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Sugaya Tatara Sannai


A place where you can experience the history of ironmaking and how life was lived in ancient times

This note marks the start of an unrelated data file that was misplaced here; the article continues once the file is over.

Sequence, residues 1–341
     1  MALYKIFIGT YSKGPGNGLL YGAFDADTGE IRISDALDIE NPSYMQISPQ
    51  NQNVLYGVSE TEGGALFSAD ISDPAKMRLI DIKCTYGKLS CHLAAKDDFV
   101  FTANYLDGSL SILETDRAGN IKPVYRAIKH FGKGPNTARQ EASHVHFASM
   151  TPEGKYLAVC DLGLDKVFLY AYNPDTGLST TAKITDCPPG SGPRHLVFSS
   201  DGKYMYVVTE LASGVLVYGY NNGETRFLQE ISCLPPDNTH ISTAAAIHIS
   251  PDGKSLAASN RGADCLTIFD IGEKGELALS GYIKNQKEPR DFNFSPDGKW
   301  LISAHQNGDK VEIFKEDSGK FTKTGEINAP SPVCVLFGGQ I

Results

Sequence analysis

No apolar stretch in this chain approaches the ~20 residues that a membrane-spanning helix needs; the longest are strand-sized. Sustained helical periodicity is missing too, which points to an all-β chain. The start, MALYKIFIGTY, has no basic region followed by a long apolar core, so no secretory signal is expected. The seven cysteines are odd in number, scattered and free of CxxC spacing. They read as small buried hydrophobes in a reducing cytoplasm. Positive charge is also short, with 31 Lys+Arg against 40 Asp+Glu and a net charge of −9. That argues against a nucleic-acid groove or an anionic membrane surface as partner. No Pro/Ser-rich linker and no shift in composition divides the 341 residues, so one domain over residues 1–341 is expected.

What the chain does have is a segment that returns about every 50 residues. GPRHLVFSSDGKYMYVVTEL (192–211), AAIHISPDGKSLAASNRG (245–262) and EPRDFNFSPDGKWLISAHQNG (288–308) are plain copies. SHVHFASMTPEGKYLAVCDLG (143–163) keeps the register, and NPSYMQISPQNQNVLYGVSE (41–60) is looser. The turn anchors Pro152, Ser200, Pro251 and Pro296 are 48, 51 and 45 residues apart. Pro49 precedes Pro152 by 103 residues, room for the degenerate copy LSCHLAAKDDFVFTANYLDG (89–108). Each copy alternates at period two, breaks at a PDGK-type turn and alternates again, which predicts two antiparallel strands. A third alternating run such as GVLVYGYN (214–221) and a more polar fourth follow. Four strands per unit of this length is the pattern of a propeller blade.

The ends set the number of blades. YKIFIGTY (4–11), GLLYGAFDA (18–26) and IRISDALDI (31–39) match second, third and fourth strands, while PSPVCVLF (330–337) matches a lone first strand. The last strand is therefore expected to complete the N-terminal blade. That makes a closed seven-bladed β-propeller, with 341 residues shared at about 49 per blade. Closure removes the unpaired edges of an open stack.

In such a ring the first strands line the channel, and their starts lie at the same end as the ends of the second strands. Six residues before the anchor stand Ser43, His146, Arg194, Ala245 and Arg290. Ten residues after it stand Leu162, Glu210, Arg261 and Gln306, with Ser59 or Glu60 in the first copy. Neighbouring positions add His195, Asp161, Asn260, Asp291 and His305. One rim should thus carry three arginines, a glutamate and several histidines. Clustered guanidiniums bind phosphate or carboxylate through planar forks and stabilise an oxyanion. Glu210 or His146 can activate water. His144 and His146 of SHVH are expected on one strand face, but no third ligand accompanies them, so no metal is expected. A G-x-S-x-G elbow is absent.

“Sannai” is the general term for districts where people engaged in tatara ironmaking—an ancient Japanese method of ironmaking—worked and went about their daily lives. Various buildings remain at Sugaya Tatara Sannai, allowing you to capture a glimpse of what life then was like. The location where tatara ironmaking took place is also preserved as it was then, and is the only such example in Japan. The massive Japanese Judas tree on the grounds is considered to be a sacred tree that the god of tatara ironmaking is said to have descended upon, and when the shoots of the leaves appear in spring, for a period of three days the tree is dyed a deep red that looks just like autumn foliage. Ironmaking continued at the site until 1921, and in 1967 it was designated one of the country’s important tangible folk-cultural properties. A variety of tools, everyday articles, and other materials that were used in everyday life at the time are on display.


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